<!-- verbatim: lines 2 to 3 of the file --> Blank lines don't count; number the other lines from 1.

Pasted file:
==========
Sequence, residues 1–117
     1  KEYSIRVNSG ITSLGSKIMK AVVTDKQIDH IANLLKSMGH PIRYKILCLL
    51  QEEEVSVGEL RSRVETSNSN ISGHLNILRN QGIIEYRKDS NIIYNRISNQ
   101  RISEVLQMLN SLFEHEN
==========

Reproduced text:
     1  KEYSIRVNSG ITSLGSKIMK AVVTDKQIDH IANLLKSMGH PIRYKILCLL
    51  QEEEVSVGEL RSRVETSNSN ISGHLNILRN QGIIEYRKDS NIIYNRISNQ